banner

Air

Celebrity Ship in Ketchikan

Celebrity has installed advanced stack emission control systems on its Alaska ships. These newly developed scrubbers eliminate 98 percent of emissions.

Many cruise itineraries fall largely within emission control areas (ECAs) – including all that visit Alaska – ships must either use fuel limited to 0.10 percent sulfur or technology to achieve equivalent sulfur emission goals. Many of cruise operators have aggressively pursued the installation of stack emission control system technology or converting to cleaner-burning emission LNG.

About a third of the existing fleet now have the new scrubbers, according to Bud Darr, senior vice president at the Cruise Lines International Association (CLIA). That number includes most ships that call on Alaska.

Carnival Corporation, the world’s largest cruise company, plans to install the systems on more than 70 vessels. Royal Caribbean has completed an agreement with North American authorities for 19 ships they will equip with scrubber systems. Others, including Princess and Holland America Line, also have scrubber installations projects underway and nearing completion. Retrofits can be extremely complex and cumbersome, especially with the largest types of scrubbers.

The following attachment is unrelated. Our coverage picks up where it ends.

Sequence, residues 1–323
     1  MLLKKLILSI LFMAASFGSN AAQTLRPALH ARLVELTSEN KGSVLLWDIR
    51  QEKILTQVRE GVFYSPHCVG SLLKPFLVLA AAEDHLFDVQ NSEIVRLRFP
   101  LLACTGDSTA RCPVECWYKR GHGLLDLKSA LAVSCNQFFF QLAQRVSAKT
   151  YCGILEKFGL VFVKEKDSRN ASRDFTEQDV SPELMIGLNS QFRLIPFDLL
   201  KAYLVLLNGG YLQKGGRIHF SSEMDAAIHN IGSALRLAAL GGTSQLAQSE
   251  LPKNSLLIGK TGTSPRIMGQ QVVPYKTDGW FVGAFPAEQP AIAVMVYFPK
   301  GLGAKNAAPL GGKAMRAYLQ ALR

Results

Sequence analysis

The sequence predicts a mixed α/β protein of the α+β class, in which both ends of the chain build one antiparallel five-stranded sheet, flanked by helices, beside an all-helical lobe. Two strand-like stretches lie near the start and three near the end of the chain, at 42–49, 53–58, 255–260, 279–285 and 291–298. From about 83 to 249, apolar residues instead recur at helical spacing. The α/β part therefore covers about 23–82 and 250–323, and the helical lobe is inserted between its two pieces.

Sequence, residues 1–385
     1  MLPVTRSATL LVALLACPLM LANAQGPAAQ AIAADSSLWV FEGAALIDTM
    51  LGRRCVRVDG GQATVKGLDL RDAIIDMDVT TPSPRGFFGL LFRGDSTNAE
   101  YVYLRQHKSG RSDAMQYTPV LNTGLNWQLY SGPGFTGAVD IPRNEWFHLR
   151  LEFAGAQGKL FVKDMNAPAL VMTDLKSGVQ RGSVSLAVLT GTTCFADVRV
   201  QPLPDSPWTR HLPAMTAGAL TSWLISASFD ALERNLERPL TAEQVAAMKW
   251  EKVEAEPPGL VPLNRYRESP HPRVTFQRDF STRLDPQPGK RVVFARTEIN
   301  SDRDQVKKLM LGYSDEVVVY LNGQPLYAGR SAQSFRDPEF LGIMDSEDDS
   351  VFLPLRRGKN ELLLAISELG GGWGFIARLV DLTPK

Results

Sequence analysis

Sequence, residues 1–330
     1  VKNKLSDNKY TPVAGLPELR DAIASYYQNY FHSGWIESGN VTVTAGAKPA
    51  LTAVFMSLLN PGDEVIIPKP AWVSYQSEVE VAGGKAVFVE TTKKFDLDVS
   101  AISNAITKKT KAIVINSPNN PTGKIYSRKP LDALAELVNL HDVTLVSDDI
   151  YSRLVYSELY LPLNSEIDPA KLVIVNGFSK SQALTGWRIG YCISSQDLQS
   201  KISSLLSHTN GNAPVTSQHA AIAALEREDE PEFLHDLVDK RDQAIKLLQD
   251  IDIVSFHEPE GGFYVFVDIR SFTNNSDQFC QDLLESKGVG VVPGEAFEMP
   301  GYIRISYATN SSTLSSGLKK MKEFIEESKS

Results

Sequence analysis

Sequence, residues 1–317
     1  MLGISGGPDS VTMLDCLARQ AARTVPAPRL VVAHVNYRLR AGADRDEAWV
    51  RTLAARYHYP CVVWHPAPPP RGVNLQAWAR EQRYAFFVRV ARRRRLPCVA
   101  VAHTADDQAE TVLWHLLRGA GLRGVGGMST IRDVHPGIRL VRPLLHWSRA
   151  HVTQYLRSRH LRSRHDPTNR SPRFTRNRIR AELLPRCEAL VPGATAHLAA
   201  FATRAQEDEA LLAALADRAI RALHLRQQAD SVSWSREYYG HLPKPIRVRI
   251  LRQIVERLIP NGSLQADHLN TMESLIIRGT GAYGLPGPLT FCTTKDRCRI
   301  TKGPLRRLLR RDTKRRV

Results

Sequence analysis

Click here to watch a short video on these scrubbers in Alaska.

Alaska was also the first cruise destination to partner with cruise lines to allow ships to plug into local shoreside power while docked in communities with sufficient infrastructure. In Juneau, shore power is available at one dock, allowing the vessel moored there to reduce emissions by plugging into the city’s hydroelectric power. This practice, which results in a significant reduction in fuel emissions, has been adopted by cruise ports around the world.

Alaska cruise vessels use onboard opacity-monitoring technology to observe air emissions. Data collected is useful in allowing environmental engineers to continue to improve their air systems.